Figure 9 shows two kinds of maps: the cluster's networks and strategic diagrams. On the left side are the cluster's networks elaborated to give an understanding of what words are linked to the centralizing term on each renewable energy source researched, showing how strong the relations are between the terms related to the principal term in the most recent period (2017 to 2019). On the right side, the strategic diagrams are presented to show which keywords have greater centrality and density among the retrieved articles. The terms on the right are those that can be considered more central in most of the research, and the more upward the more densely searched. Therefore, those terms represented in the first quadrant can be considered the most relevant for each area in question.

As shown in the figure, from 2017 until 2019, the centralizing term on photovoltaic energy was “solar-energy”, which also appeared 1,201 times according to the strategic diagram. The words and terms with stronger links with solar energy and that represent the consolidation and importance of research in this area are solar power, solar power generation, renewable energies, and photovoltaic systems. There is also a strong link between alternative energy and solar power. The words and terms with thinner connection edges present some tendencies and possible gaps in this area: energy policy, energy efficiency, energy storage, photovoltaic cells, and alternative energy. From the strategic diagram, it can be seen that the other words which are densely researched are heat-storage, greenhouse-gases, heating, and renewable resources. Considering this analysis, there is a research opportunity regarding energy management and performance evaluation, since words or terms that indicate these study fields do not appear in this figure.

Related to wind energy, the term “wind power”, with density 1.0 as the central term of the map, and also with 679 mentions according to the strategic diagram, is linked consistently to the terms renewable energies, wind energy, wind turbines, and alternative energy, proving the consistency and development of these themes in the current period. However, the lower-intensity connections, which show an area of research that can be strengthened, refer to terms such as renewable resource, electric power generation, renewable energy, solar energy, energy policy, renewable energy source, wind, optimization, and electric power generation. Another central and densely researched terms in this theme are greenhouse-gases, energy storage, and energy resources. Among all these term s, energy policy may give an idea in the direction of the gap suggested in this article, since good management of companies is necessary to be able to comply with legislation and policies in the energy sector.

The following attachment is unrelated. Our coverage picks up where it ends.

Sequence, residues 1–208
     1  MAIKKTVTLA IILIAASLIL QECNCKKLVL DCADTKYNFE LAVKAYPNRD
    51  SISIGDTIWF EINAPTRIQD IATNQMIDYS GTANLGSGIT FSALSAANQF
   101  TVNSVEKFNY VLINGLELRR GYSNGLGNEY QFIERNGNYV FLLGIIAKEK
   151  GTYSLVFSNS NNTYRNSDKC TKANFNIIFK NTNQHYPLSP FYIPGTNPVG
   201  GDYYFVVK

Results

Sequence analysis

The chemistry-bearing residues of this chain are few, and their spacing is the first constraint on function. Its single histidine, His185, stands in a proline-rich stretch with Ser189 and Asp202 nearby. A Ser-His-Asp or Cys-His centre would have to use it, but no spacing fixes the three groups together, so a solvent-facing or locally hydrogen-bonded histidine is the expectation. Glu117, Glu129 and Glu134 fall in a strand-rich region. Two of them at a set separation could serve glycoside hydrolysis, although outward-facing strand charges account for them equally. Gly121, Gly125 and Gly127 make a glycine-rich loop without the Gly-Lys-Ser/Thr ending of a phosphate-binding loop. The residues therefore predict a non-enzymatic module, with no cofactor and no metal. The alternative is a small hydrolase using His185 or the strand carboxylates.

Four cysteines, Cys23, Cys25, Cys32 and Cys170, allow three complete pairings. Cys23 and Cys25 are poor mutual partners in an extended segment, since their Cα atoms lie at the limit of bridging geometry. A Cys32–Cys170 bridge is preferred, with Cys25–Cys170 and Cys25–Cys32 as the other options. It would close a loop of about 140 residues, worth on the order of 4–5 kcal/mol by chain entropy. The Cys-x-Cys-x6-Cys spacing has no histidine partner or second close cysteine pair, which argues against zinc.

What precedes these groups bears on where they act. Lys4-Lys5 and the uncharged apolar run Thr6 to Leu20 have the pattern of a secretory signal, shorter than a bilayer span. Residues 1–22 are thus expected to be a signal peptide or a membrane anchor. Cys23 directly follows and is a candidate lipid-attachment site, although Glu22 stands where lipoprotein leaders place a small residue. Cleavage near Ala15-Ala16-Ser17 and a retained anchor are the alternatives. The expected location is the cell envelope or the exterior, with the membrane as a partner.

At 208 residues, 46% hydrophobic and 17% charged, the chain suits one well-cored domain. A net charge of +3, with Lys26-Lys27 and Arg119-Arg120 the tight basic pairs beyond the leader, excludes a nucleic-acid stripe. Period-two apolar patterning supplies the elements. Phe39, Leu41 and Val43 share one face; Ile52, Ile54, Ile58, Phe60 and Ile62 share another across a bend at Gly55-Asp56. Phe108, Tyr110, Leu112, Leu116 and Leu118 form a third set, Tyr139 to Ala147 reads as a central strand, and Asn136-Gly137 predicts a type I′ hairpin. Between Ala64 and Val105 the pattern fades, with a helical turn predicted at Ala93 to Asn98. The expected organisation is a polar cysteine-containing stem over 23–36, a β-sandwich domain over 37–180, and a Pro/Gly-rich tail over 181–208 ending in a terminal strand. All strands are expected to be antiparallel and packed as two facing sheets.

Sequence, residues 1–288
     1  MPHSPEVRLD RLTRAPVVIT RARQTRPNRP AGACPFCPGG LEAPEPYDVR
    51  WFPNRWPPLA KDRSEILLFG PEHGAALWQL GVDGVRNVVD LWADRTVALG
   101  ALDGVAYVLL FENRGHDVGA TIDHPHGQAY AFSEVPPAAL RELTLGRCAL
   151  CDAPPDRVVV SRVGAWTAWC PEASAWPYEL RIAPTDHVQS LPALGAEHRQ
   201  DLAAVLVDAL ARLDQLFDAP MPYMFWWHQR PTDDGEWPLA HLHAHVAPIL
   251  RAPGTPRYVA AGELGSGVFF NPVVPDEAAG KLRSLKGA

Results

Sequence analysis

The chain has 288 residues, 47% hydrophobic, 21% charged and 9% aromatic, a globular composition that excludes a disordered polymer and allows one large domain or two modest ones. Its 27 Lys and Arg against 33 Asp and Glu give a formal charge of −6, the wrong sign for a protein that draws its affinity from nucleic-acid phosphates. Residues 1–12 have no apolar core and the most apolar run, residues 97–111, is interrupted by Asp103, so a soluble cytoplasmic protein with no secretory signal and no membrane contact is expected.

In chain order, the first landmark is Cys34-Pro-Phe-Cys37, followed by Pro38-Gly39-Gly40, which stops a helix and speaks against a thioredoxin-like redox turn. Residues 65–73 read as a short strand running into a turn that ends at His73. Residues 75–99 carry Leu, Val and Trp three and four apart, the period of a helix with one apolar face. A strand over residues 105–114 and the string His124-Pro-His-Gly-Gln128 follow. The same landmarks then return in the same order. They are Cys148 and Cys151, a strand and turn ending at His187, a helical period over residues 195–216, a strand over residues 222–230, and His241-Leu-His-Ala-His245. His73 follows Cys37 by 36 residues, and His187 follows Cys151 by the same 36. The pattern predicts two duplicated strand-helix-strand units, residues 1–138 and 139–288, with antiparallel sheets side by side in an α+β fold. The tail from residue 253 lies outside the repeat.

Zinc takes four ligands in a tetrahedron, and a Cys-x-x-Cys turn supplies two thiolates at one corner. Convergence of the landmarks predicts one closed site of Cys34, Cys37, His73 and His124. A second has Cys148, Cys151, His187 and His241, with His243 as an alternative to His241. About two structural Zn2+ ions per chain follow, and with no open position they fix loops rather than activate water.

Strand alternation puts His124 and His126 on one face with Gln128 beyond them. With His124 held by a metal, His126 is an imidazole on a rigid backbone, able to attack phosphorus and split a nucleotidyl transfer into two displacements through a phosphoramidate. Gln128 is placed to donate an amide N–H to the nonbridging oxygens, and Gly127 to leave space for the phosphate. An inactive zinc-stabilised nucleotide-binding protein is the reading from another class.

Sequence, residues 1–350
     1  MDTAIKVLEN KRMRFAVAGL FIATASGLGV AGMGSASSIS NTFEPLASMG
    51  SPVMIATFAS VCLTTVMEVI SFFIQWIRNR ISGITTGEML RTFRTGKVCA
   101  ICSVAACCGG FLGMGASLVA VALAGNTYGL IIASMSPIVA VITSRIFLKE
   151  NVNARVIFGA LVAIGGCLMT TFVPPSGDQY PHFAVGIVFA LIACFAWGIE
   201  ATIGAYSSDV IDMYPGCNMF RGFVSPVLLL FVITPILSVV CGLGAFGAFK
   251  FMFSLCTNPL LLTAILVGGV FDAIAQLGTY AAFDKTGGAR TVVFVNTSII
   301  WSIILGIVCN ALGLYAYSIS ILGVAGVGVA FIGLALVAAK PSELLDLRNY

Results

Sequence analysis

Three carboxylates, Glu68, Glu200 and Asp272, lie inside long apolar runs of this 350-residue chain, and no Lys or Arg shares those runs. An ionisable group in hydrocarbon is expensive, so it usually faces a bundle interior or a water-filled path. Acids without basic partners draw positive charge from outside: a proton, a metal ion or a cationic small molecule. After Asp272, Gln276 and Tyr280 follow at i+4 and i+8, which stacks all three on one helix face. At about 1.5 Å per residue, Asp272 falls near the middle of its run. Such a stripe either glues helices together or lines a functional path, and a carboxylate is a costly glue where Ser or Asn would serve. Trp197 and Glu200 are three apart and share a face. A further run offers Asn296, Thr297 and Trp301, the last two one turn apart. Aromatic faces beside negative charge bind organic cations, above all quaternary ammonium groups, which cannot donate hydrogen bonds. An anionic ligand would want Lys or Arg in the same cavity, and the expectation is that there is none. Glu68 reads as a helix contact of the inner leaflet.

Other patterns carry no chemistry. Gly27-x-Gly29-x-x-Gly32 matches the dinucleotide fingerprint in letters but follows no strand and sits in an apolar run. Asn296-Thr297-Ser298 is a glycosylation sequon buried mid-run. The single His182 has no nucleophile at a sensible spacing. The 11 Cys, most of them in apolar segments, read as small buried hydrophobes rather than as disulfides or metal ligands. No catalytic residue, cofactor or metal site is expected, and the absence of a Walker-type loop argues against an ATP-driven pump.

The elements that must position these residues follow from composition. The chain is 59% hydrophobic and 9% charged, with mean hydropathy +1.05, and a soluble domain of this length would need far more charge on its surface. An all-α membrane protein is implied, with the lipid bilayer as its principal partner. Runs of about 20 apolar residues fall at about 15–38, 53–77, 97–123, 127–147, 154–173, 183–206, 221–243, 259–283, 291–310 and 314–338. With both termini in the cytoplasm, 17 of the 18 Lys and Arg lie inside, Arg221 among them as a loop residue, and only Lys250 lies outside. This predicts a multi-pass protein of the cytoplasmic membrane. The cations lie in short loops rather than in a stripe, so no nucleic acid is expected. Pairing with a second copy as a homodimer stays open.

Related to biomass energy, the centralizing term with density 0.78 between 2017 to 2019 was “carbon-dioxide”, which appears 44 times according to the strategic diagram. The term carbon dioxide binds strongly to the term biomass. The term biomass, although it appears in numerous articles, does not have a strong connection with other terms, which also explains why the term is not at the center of the diagram, just as it doesn’t appear in the strategic diagram. Other strong links a re between carbon emission and biomass power, and greenhouse gases and gas emissions, which can be intuitively explained. However, in this diagram, there are no terms or links between terms that lead to an indication of studies related to the management of biomass as a renewable source of electricity.

The word connections presented by SciMAT indicate research trends, which way they are going, and how this can generate new research opportunities. These research opportunities may focus on the most interesting word co-occurrences presented in this article, aiming to deepen the study and to analyze the cause and the specific meaning of these co-occurrences.